4. Is the object represented in question 3 moving with constant speed or constant acceleration? Explain how you arrived at your conclusion.
5. Debate what assumptions might be made about the unknown forces that are acting on the object represented by the graph in question 3. Explain the reasons for each of your assumptions.
6. If the object in question 3 continued to move, explain how you might use the graph, its gradient, and the data plotted on its x- and y-axes to determine how far the object would travel in 19.5 additional seconds.
7. From the graph constructed in question 3, calculate the object's speed at three-second intervals, then use this new information to construct a speed-versus-time graph for the object.

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You can evaluate your students on their experiments using the following three-point rubric:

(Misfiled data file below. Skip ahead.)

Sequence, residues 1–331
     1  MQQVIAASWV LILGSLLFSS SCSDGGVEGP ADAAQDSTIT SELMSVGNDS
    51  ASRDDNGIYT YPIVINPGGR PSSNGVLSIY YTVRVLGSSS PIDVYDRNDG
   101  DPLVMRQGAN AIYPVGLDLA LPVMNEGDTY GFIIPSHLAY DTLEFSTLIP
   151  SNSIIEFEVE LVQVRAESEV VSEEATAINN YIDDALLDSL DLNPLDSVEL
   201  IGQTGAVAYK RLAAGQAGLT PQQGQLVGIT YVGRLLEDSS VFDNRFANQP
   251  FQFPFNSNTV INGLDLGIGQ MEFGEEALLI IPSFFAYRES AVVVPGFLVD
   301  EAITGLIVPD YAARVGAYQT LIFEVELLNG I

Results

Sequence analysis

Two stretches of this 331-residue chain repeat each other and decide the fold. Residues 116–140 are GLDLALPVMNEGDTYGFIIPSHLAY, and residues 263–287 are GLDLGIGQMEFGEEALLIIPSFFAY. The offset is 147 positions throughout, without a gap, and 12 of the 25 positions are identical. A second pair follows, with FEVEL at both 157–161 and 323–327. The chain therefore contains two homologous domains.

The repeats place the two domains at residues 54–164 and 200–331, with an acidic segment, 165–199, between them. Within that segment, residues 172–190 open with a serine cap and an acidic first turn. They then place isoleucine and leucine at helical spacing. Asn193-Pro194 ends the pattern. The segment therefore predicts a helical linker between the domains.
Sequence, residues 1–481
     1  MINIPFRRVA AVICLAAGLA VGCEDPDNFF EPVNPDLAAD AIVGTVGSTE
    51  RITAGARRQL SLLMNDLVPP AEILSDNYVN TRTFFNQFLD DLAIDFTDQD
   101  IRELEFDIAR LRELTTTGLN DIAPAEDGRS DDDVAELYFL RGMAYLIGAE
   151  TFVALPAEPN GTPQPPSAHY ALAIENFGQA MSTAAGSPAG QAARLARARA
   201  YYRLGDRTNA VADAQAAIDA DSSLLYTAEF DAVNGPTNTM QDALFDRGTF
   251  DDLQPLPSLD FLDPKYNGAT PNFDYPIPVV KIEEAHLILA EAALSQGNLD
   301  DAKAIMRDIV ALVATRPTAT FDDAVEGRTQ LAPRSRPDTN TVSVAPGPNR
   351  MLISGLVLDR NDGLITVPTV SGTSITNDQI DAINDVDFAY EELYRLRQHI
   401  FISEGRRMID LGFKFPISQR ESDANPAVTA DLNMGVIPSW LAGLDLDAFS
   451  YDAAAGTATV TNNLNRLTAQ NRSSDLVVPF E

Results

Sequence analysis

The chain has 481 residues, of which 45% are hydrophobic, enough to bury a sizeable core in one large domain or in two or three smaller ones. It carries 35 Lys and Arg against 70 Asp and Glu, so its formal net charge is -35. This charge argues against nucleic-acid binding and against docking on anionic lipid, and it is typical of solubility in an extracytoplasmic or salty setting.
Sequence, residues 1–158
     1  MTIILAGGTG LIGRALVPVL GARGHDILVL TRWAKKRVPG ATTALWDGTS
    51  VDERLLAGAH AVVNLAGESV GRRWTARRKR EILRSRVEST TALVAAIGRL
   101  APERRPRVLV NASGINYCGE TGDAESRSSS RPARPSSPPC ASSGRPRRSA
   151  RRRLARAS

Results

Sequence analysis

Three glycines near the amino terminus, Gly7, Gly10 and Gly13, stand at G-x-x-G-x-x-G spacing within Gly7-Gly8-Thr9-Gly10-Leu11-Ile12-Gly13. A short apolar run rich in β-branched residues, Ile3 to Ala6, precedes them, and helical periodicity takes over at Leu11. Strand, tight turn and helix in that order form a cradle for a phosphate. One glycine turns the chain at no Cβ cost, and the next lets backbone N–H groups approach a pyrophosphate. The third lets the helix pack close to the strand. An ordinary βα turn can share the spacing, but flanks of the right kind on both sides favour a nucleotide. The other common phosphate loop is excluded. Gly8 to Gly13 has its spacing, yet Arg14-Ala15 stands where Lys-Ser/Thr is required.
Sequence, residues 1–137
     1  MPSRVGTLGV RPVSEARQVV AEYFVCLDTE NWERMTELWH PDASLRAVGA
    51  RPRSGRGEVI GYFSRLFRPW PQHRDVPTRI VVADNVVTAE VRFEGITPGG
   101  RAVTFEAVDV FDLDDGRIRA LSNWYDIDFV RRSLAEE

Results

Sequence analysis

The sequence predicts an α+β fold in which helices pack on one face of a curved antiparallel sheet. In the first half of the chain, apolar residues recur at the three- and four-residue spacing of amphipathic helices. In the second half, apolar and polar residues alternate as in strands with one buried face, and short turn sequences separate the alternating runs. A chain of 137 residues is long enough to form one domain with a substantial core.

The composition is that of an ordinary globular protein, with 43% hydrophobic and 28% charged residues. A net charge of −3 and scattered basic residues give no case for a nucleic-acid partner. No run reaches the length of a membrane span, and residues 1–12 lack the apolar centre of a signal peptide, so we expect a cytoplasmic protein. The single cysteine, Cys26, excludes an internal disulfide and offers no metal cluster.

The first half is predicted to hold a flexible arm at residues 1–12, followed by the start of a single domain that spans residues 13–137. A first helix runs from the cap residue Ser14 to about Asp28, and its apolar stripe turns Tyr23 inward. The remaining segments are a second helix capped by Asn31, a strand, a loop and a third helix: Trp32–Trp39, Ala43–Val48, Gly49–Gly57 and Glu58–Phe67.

• Three points: predictions based on sound reasoning, experiment carefully performed, results accurately and completely recorded, explanations clear and logical
  • Two points: predictions based on sound reasoning, experiment performed with sufficient care, results incompletely recorded, explanations acceptable
  • One point: predictions based on guesswork, experiment performed with sufficient care, results incompletely or inaccurately recorded, explanations sketchy
You can ask your students to contribute to the assessment rubric by determining which scientific principles should be covered in the explanations

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Electric Power: Extending the Gradient Concept to a New Context